Truth Before Dishonor

I would rather be right than popular

Narrative Problems

Posted by DNW on 2014/04/10

I was thinking the other day – not too deeply – about the entire concept of narrative, and how it has so often come to replace reasoning, and how deceptively difficult trying to construct a really accurate narrative can be. Maybe that is why those who seem to do it most, also seem to be the least concerned with literal accuracy.

It’s one thing to engage in the geometric arrangement of premisses and conclusions employing technical language, once you learn the discipline.

It’s quite another to try and manage a truthful recounting of human events (as historians well know) when so many different aspects to the “story” must be dealt with in a manner consistent with the overall tenor of the presentation.

This was personally highlighted for me just the other evening where in what was an exercise in the main, I attempted a descriptive recounting of a commenting foray I made on The Atlantic.

I found that certain passages, no matter how I reworked them just didn’t come out right. I finally realized the next day that I was trying to conflate, I was inappropriately mixing, my post hoc psychological attitudes of overall amusement into what was, and was meant to be an accurate factual description.

This came to me when I reread a particularly jarring passage wherein I had jestingly (after some initial skepticism about its fit) used the term “gambit” in what was intended to be a light way; but which was totally at odds with the more distanced tone of the overall presentation. The experience of rereading what I wrote was like having cold water dumped down my back. I knew what I meant but it could not be read right. Yet, no matter how I tried to rework the reference, it didn’t lend itself to the intended interpretation. Even rewriting the reference entirely didn’t make it any better.

And the reason I finally discovered, was not only found in the in-congruence of seeing a light-facetious use, blended with a desultory overall mood, but also because I was trying to fit my flippant psychological attitude post-event, to a more straightforward and prosaic truth.

This back projection or retrofitting of intentions (or events) in order to match a planned narrative or current feeling, is perhaps most familiar to us from some infamous politically staked, but clearly anachronistic or impossible claims: Hillary Clinton’s assertion that she was named after Edmund Hillary, for example; or her husband Bill’s “burning church” memories. Or John Kerry’s ‘Christmas in Cambodia’ for that matter.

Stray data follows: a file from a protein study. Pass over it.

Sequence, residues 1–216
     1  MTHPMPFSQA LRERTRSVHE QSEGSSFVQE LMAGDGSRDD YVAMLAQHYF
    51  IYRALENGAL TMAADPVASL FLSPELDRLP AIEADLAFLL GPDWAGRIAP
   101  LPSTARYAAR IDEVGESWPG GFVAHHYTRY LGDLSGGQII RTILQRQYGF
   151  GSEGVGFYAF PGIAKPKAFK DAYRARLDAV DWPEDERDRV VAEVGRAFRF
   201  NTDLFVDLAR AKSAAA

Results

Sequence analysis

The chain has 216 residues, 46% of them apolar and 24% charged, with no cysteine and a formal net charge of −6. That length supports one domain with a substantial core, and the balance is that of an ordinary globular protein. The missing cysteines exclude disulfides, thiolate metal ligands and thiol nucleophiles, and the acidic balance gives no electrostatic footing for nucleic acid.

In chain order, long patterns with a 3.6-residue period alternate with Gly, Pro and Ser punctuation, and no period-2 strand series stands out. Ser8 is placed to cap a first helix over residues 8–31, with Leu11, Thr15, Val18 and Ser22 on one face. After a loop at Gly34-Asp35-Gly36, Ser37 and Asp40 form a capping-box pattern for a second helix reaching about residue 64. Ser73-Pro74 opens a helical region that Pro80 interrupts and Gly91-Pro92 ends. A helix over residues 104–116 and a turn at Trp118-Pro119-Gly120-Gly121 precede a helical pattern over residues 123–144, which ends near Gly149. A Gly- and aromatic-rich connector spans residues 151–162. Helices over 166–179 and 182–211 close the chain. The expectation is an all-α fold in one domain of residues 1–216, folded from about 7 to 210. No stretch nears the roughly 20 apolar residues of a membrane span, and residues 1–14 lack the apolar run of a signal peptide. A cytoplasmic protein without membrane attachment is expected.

The obvious trouble involved in these instances of handling timelines, seems to be a particular problem for political liberals. Whether the timeline trouble they experience is a matter of demonstrable facts tripping up deliberate fabrications, or the result of a genuine psychological difficulty progressives have in grasping cause and effect, antecedent and consequent, prior and subsequent, in the face of their driving need for constructing a self-justifying narrative with broad social impact, is a question I cannot personally answer.

What I can say from recent experience is, that constructing a readable narrative, one that is anything more than a chronicle, that is to say anything more than a chronological checklist of noticed events, is a rather tricky proposition; and requires care on a number of levels.


5 Responses to “Narrative Problems”

  1. AOTC said

    I don’t think I had trouble following you. I am terrible at putting thoughts to text but strangely clairvoyant when organizing or interpretation of others. Im dyslexic of mind regarding output but stangely intuitive to input. Maybe this is why people think I am stupid. Heh.

    I have thoughts and comments forthcoming on posts here but currently doing quarterly taxes. Lurking for now. 🙂


  2. DNW said

    “I don’t think I had trouble following you. I am terrible at putting thoughts to text but strangely clairvoyant when organizing or interpretation of others.”

    You are obviously a better reader than I am a writer.